The camp where I work mainly serves kids which have never ridden before, and some of our horses will have 15 different riders in a week between campers and horse lessons. Some of our newer horses are not ready for kids, and I was wondering what your thoughts are on how I can teach the new horses how they are to behave with a new rider on them, who won’t know how to discipline their horse.
Horses in beginner group riding programs should be taught to adhere to a strict routine. Fortunately, horses are easy to train to a routine and pattern and in fact, they find it quite appealing. Think about how easy it is to train a pattern of behavior into a horse (for better or for worse). For instance, if you pick up a horse’s feet in the same order every day when you clean them out, in just two or three days, your horse is picking up the next foot as soon as you place down the previous one. Horses are very much creatures of pattern and routine and it gives them a sense of security when they know what to expect.
First, you need to thoroughly evaluate each new horse that comes into the program. Have a staff member assigned to each horse and make sure they have the time to catch, groom, saddle and ride the horse each day for at least a week. That should be enough time to assess the horse’s individual quirks, to learn its strengths and weaknesses and to make sure the horse is suitable for your program.
Consider the horse’s ground manners and work with the horse to make sure they are solid. Stands quietly, keeps its nose where it belongs (in front of his chest), is respectful of the handler’s space, picks up his feet for cleaning, compliant and relaxed while saddling and bridling, leads in a mannerly way (keeping a reasonable space from the person leading and does not try to get in front or lag behind too much). If the horse needs work on his ground manners, this is generally a very good investment of time. Some horses have just never been taught how to act properly and if he learns to follow rules from the ground, he will be much more compliant while being ridden.
As you are evaluating the horse, make sure you do all the obnoxious things that the horse might encounter from a beginner rider– jab your toe in his belly when you mount, put your knee in the flank, drag your foot over his rump, slam down hard in the saddle when you sit, bounce around, shift your balance, flap your arms, scream, drop a water bottle, etc. Don’t be too concerned if this bothers the horse at first. These things are easily desensitized.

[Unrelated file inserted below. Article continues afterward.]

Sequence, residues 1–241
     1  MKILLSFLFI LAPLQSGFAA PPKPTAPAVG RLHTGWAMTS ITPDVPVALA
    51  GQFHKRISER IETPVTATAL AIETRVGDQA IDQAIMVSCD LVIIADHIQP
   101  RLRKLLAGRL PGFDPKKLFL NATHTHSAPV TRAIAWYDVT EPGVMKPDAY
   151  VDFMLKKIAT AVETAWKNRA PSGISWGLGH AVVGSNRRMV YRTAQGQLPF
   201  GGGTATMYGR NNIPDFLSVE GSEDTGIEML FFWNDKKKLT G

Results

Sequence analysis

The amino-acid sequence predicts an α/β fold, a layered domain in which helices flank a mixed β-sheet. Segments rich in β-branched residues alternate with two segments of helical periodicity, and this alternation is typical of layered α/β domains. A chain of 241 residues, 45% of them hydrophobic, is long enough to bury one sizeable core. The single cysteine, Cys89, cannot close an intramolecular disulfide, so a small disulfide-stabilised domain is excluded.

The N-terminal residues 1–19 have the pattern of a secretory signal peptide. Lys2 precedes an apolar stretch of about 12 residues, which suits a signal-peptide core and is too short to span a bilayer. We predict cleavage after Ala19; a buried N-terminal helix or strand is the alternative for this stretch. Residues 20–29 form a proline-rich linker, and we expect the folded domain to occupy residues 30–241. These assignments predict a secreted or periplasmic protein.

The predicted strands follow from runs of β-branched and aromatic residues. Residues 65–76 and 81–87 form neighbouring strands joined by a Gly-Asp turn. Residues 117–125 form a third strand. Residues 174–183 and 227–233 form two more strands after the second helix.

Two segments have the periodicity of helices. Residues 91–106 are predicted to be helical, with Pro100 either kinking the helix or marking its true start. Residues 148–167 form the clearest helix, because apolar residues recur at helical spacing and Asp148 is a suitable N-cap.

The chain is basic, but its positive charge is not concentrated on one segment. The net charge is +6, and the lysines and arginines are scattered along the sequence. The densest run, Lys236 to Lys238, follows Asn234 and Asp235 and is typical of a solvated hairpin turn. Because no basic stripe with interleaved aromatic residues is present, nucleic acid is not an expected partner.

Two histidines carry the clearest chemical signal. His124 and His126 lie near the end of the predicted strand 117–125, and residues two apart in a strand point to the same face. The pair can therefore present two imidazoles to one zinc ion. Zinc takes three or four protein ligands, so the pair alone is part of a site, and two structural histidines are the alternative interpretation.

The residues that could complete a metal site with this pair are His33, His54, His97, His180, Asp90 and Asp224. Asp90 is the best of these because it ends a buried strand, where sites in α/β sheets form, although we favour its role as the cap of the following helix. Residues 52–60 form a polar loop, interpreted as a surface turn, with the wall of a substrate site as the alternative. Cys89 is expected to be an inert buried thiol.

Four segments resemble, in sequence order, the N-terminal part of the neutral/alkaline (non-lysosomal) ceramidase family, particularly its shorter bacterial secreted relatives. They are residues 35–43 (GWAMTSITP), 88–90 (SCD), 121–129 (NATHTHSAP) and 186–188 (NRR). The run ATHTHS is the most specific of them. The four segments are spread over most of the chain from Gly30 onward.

Next, you need to teach the new horses the routine used in your program. From the moment the horses are fed or brought in each morning to the time the lights are turned out each night, make sure the new horses follow the exact routine you expect of them. The more consistent each aspect of your routine is, the better the horses will do. For instance, bring the herd into the barn in the same order, tie or stall them in the same place, groom and tack systematically, line them up to ride in the same order for each lesson. Do the exact same things in the same order every day and your horses will quickly acclimatize.
Have a staff member ride the horse in some real lessons, acting as if she were a student. Pay very strict attention to make sure the horse learns and follows the rules in the arena, whatever they may be– stay in line, do not pass, don’t fraternize or interact with another horse in any way. Teach them the regular pattern of your lessons, like standing in the middle for tack checks, lining up to trot one at a time, riding around the cones, etc.
The staff person will strictly discipline the horse for any infraction of the rules and that will help the horse learn what is expected of him. When not actively disciplining the horse, the staff person should ride very passively, as a beginner student would– floppy and sloppy in the saddle. Most horses will fall into the routine fairly quickly, assuming you are starting out with a suitably trained and tempered horse.
Most of the large group riding programs I have worked with, do not allow students to discipline the horses; it is doubtful that a beginner rider could effectively discipline a horse and allowing students to do so can often lead to more problems. Besides, if you have authorized a student to discipline a horse, you have publicly admitted the horse has a problem. That could easily come back to haunt you.
Therefore, the new horses should be fully assimilated into your program’s routine by a staff member and should not be ridden by students until the staff person is no longer making any corrections with the new horse and the horse has settled into the program.
In the last decade, behaviorists have reversed their opinion on whether or not horses learn from other horses. It was previously thought that this was impossible but now it has been demonstrated in many different experiments that horses can and do learn by watching other horses. So make sure your new horses are paired up with a seasoned school horse that knows his job well and let your other horses lead by example.
Julie Goodnight, CHA Master Instructor
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